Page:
Text: Julie Zaugg

Super-bacteria are gaining ground

New drugs won’t be enough to fight multi-resistant bacteria. We also need to prescribe antibiotics more intelligently.

“I’ve seen patients die of an infection, especially in the service that treats severe burn victims, because no antibiotic would work on them,” says Yok-Ai Que, head of Education and Research at the Department of Fundamental Microbiology at the University of Lausanne. “Sometimes we have to put patients on an IV just to treat cystitis (inflammation of the bladder).”

What causes these tragedies? The growing number of antibiotic-resistant bacteria in Swiss hospitals.

E. coli, a common intestinal bacterium that can cause gastroenteritis and urinary infections, no longer reacts to fluoroquinolone, the antibiotic usually used to kill it off, in 20.5% of cases according to the Swiss Centre for Antibiotic resistance (Anresis). In 2004, the percentage stood at 10.3%. Another example is K. pneumoniae, a bacterium that causes respiratory infections, has become unresponsive to third-generation cephalosporins, a more recent antibiotic, in 11.2% of cases, up from 1.3% in 2004.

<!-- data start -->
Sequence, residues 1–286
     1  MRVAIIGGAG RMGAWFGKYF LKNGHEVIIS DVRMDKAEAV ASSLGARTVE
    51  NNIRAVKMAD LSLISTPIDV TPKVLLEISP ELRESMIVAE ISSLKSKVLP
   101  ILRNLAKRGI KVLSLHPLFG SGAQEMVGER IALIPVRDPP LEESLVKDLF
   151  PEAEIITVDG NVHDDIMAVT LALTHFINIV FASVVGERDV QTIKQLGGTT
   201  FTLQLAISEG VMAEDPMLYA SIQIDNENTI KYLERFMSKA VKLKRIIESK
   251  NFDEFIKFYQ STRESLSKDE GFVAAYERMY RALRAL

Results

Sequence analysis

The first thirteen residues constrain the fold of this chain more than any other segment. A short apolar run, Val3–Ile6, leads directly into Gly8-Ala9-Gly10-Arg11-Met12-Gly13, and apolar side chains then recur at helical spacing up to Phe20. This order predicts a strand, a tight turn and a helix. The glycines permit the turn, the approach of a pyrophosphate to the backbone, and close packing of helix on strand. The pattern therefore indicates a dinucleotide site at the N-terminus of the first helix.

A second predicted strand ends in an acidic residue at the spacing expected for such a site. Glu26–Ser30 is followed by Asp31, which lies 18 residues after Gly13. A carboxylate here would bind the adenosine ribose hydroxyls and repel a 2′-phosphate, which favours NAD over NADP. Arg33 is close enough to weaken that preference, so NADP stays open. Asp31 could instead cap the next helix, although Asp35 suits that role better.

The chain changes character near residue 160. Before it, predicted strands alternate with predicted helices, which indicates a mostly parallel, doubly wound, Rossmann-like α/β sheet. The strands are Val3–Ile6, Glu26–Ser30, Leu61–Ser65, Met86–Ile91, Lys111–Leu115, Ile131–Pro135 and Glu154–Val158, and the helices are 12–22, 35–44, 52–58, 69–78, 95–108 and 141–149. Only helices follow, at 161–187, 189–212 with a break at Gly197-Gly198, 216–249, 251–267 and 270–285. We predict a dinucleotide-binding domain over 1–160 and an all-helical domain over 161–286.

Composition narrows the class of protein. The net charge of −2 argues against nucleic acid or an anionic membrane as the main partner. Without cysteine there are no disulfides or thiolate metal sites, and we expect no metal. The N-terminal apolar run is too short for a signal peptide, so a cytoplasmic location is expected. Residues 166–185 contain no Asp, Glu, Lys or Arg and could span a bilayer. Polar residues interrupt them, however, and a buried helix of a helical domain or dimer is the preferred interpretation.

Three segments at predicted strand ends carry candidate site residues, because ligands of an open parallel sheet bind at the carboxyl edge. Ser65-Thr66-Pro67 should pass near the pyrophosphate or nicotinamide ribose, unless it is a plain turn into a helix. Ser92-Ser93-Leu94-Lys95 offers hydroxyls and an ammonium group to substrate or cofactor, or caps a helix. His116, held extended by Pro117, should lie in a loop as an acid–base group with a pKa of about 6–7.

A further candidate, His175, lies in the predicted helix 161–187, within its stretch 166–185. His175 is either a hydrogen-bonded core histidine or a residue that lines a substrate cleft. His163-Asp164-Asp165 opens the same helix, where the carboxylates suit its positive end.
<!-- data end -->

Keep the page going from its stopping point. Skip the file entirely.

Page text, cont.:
“When you attack bacteria with antibiotics, they will almost invariably develop resistance to it. It’s a survival mechanism,” says Didier Pittet, head of the Service of Infectious Diseases at the Geneva University Hospitals (HUG).